Company pioneering new types of material for 3-D printer 'ink'

May 20, 2013 by Bob Yirka report

(Phys.org) —Emerging Objects, a San Francisco based fabrication studio, is pioneering the use of new kinds of material for use as an "ink" with 3-D printers. To date, their materials are based on wood, salt, paper, cement, nylon and acrylic. Launched and run by architects Ronald Rael and Virginia San Fratello, the aim of the company is to develop material for the creation of 3-D buildings, building parts, and interior accessories using natural or renewable components.

3-D printing, also known as additive manufacturing because of the nature of the process, is a relatively new science. A liquid material is applied to a base, allowed to dry, then applied again, over and over, resulting in the creation of a three-dimensional object. To date, most advancements in the field have centered around the printer—Emerging Objects is instead focusing on the material that is used as the ink.

As noted on Rael and San Fratello's website, plastic, the standard ink used as a base material for 3-D printers, is both limiting and environmentally unfriendly. Other materials, they say, allow for the creation of objects that look and feel different, and don't pollute. One example is acrylic—objects printed using it as a base are brittle and rigid, similar to glass, but also have a smooth, powdery feel. Perhaps more exciting are printed objects that look like they are made out of wood. The base material is wood pulp, but because of the 3-D layering process, the resulting materials have a natural-grain appearance.

The company points out that because their are made from natural local components, they cost much less than plastic. For example, they've printed objects made mostly of salt obtained from nearby San Francisco Bay. In addition, the size of the printed objects using the is limited only by the size of the . The team is currently working on printing a room-sized object that, because it will be made mostly of salt, will look like it's made out of milk.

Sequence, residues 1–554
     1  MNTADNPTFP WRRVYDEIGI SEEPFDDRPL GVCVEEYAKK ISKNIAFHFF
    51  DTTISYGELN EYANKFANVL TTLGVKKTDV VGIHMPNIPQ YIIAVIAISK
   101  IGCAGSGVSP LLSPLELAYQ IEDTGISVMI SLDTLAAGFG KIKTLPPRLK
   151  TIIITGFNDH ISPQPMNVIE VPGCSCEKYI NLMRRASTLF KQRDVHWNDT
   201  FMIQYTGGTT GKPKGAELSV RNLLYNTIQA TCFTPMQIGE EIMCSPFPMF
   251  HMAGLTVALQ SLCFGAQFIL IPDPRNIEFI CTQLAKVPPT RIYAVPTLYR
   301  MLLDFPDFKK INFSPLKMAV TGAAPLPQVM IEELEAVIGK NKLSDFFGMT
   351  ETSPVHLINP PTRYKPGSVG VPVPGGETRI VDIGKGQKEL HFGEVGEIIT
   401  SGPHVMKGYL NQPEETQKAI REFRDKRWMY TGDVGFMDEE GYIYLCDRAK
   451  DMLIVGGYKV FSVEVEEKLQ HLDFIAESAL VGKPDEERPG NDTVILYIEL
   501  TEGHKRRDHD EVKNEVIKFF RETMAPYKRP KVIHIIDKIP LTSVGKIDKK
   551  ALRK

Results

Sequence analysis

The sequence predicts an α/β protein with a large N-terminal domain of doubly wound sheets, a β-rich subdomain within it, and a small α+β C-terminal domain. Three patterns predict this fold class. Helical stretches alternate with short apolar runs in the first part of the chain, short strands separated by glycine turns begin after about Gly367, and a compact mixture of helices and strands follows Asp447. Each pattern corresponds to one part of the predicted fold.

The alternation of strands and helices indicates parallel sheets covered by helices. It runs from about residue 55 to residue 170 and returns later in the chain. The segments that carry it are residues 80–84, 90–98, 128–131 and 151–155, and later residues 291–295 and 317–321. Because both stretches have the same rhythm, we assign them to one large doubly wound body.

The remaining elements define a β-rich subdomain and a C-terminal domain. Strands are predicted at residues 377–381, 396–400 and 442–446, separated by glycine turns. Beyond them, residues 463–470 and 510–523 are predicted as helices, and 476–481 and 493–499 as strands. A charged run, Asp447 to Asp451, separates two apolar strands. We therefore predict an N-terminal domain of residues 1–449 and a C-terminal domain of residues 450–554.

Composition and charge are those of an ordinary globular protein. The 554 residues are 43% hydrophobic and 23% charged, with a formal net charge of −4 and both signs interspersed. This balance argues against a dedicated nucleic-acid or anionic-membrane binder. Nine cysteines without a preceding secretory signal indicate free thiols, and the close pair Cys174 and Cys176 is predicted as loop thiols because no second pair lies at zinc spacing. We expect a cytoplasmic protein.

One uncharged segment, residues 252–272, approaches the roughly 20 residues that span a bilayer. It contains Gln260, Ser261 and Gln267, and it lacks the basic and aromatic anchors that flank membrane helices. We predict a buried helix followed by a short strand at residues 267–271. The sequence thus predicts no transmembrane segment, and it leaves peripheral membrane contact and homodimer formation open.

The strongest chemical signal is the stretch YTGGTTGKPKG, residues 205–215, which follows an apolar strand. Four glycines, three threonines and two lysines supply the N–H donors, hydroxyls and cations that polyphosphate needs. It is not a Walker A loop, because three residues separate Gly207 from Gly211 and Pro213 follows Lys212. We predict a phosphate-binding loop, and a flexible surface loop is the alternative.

The objects being produced by Emerging Objects offer a glimpse of the exciting future of 3-D printing technology. At this point, it's possible to imagine giant printers one day laying down new houses or skyscrapers, or even on-demand machines in our homes that conjure almost any object we desire—much like the replicator of Star Trek fame, perhaps?

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betterexists
1 / 5 (2) May 20, 2013
Instead of layer by layer printing.....Why Not multiple layers at a time? When there are similar layers needed as per programming....alternate layering system should take over..........until change is again needed!

Going Round & Round multiple times......is Downright Stupid!
betterexists
1 / 5 (2) May 20, 2013
Printing a room-sized object? Very Interesting. Scaling it up to Building size Object will be needed more , I suppose.

betterexists
1 / 5 (2) May 20, 2013
Spray a layer and another layer over it by the alternate system. Avoid Going Round & Round when not needed.
EyeNStein
1 / 5 (3) May 20, 2013
Do they think the readers are too dumb to know that acrylics are plastics? Or perhaps they didn't think we would know what ABS is, so they dumbed it down and put plastic.
Either way- not appreciated; don't need spoon feeding ta.
Deadbolt
1 / 5 (1) May 20, 2013
The excellent thing about this is that you could potentially gather your own materials without having to pay. If building with salt is possible, sand should be too.
d3bug
not rated yet May 21, 2013
Building a building: I see a kind of framework assembled on site (basically building the printer on site), around the area to be printed, and let er rip... as each floor is built, a floor frame is added to raise the printer to the next level to print the next floor. You would have to have multiple heads/materials to print with though... material for walls, conductive material for power lines, and material that can withstand high pressure for plumbing. You could develop your home in autocad or something and send it to the engineers to fine tune it for stress and whatnot, and have your home printed on site.
betterexists
1 / 5 (2) May 21, 2013
As described by d3bug all of that can be done by Computer Programming which uses better Brain than that of Humans (of course, surprisingly enough, all of that done by Humans again).
antialias_physorg
not rated yet May 26, 2013
If building with salt is possible, sand should be too.

Already been demonstrated:
http://www.scidev...s-1.html
(and it's solar powered, too...so you wouldn't even have to buy the amps off your local energy monpolist)

and material that can withstand high pressure for plumbing

I'd expect the first types to simply leave hollows and easy access routes to where cables/plumbing will go in post. You could also print the covers for these hollows, so that it's merely a snap-in process after laying down the cables/pipes.

But printing pipes is actually in the cards. Most pipes are PVC anyhow - and if you print them as hollows into a solid structure (rather than using pipes) then that is a pretty much indestructable setup and will last you the lieftime of the house..